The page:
They can be fiddly. They’re often ugly. You often see them decorating the trees of parks in less desirable areas. But despite their image, condoms are an essential part of modern culture.
Condoms have been around for a lot longer than you think. Some cultures used chemically-treated animal intestines to make them prior to the 1800s, and some experts even believe that they were around in some form during ancient times. In the mid-19th Century, the rubber-based variety we know today came to prominence, and several innovations in their design have been made since, to make them more effective and accessible.
Some people are reluctant to use them, because they can prove awkward and ‘ruin the moment’. But after a little practice and once you have become used to them, they are very easy to use. In fact, there are several benefits to using condoms, and they can help to actually enhance sex in a number of ways.
One of the most obvious reasons for the existence of barrier contraception is that it helps to prevent pregnancy. You might be married or in a long-term relationship, and be trying for a baby. In which case, condoms are of no use to you. But the majority of sexually-active people in their twenties aren’t. In fact, a great many people would rather save pregnancy for later life. If a baby is something you and your partner aren’t ready for, condoms are a great way to help stop pregnancy from occurring.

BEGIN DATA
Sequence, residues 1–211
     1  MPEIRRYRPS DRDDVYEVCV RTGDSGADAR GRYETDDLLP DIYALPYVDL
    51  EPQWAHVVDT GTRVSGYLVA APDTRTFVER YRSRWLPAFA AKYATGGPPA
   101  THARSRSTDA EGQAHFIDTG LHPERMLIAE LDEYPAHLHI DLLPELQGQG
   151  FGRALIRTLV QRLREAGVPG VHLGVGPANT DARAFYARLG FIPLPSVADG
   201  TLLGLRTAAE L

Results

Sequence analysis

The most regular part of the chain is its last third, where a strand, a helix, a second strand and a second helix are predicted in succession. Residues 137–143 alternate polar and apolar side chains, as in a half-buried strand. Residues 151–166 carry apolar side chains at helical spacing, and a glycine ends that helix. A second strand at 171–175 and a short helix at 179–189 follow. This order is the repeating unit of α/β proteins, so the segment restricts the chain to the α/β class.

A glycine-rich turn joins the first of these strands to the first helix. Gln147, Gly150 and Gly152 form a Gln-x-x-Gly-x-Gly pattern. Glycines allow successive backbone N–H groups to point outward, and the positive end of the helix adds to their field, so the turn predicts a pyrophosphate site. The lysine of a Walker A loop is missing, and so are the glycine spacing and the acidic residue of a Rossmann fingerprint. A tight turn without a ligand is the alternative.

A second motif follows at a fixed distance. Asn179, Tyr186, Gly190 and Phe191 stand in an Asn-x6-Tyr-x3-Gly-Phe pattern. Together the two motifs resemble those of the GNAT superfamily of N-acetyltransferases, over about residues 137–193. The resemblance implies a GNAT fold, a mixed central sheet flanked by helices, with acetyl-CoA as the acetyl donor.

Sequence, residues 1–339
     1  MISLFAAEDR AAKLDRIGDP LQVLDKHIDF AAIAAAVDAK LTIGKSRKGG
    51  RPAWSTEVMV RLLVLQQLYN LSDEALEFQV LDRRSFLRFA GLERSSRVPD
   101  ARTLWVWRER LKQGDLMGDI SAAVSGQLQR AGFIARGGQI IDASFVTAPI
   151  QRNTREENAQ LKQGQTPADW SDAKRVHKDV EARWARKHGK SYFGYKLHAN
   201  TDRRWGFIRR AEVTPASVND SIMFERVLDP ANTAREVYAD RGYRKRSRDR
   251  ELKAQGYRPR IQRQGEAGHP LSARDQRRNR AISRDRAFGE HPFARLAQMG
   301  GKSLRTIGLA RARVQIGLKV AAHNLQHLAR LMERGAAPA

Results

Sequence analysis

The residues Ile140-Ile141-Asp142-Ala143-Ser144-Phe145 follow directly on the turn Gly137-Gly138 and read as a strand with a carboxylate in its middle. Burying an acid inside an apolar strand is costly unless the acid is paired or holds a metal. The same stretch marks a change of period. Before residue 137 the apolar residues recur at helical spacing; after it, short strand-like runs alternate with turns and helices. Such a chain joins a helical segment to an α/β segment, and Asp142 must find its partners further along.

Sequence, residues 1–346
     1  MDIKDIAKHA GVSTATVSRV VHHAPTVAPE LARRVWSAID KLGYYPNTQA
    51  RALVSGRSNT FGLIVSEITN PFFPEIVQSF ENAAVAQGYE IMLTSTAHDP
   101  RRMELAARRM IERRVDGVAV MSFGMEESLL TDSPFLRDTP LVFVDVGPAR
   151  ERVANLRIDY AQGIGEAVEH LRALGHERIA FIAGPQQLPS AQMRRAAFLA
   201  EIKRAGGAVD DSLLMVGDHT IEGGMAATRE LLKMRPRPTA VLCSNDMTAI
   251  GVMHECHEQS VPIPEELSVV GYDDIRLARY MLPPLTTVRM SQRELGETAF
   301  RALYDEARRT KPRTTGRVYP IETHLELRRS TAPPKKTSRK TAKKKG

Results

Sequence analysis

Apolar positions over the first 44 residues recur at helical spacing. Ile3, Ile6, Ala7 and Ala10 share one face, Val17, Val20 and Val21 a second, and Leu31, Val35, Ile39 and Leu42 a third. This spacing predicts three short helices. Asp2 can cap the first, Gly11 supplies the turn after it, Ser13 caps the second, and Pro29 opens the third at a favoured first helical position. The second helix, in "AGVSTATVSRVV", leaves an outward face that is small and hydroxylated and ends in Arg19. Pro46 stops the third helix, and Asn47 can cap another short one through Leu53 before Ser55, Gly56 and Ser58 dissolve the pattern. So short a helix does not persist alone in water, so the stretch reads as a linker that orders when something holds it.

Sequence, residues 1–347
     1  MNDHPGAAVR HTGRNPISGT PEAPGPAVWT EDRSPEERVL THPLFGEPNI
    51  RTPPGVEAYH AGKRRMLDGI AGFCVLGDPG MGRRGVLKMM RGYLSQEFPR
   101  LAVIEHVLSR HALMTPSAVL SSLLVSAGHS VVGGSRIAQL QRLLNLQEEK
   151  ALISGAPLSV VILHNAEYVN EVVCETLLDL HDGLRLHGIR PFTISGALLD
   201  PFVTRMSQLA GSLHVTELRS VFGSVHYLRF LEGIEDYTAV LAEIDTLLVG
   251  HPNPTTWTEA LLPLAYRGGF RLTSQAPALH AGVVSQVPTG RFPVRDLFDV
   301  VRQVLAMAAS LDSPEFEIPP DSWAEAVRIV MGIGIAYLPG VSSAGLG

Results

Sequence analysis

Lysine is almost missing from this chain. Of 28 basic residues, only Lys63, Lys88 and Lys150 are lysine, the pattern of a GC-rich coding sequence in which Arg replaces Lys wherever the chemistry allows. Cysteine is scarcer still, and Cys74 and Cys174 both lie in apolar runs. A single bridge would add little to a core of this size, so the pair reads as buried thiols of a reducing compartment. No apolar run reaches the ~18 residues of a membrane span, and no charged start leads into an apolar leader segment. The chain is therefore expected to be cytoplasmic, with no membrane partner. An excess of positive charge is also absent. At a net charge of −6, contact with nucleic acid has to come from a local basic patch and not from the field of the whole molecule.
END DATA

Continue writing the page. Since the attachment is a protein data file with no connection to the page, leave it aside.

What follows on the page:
With that protection against pregnancy, comes a sense of assurance. Although they don’t eliminate the risk completely, condoms enable you and your partner to get on with the act of sex, without worrying as much about the ramifications of pregnancy. In this sense, they can help to make sex more enjoyable.
You or your partner might be using hormonal contraception to help prevent pregnancy. But this shouldn’t stop you from using condoms as well. Particularly for those who might have had sex with more than one person over the course of a few months, condoms help to prevent the spread of certain types of STIs, including chlamydia and gonorrhoea. You might think that you or your partner might not need to use a condom, as neither of you have shown any signs of infection – but some STIs can be present and show no outward signs. So, it’s always better to be safe and use them anyway.
Of course, you should always talk about sex and protection, before you get down to business. It’s likely that your partner will appreciate that you’re taking matters into your own hands and acting responsibly, by talking about things in a mature manner beforehand, and using a condom during sex. By doing this, you’re also enhancing your connection, and building trust.
This article is written by Lewis who has been prescribed cialis medication by his doctor to help him with a condition he has had for several years. In his free time, Lewis loves to go to his local gym to workout and stay in shape.